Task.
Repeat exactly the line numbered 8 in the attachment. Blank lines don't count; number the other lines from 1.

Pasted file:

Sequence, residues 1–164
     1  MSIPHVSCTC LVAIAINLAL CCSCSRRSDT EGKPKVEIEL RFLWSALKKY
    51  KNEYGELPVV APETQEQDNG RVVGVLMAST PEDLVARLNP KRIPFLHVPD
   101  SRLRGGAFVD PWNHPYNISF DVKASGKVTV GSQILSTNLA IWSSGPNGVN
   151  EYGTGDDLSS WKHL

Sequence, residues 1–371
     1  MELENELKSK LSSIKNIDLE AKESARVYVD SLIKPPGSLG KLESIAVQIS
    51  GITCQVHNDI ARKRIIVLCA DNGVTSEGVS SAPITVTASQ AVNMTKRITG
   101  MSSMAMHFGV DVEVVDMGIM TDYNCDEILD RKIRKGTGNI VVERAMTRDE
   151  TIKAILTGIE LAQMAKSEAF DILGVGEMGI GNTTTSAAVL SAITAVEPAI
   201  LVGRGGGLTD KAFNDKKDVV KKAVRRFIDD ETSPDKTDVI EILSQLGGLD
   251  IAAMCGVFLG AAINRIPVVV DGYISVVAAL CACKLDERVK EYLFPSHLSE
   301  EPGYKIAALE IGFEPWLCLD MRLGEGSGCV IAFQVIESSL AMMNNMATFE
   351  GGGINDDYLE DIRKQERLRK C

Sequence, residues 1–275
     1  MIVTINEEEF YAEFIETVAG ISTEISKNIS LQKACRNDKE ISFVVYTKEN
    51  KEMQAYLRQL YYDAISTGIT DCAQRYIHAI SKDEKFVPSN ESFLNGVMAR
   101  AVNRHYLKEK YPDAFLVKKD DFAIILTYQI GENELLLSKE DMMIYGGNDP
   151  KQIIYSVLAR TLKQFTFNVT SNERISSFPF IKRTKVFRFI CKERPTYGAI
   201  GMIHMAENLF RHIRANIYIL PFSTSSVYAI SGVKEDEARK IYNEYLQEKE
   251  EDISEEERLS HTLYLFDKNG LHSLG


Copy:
    51  GITCQVHNDI ARKRIIVLCA DNGVTSEGVS SAPITVTASQ AVNMTKRITG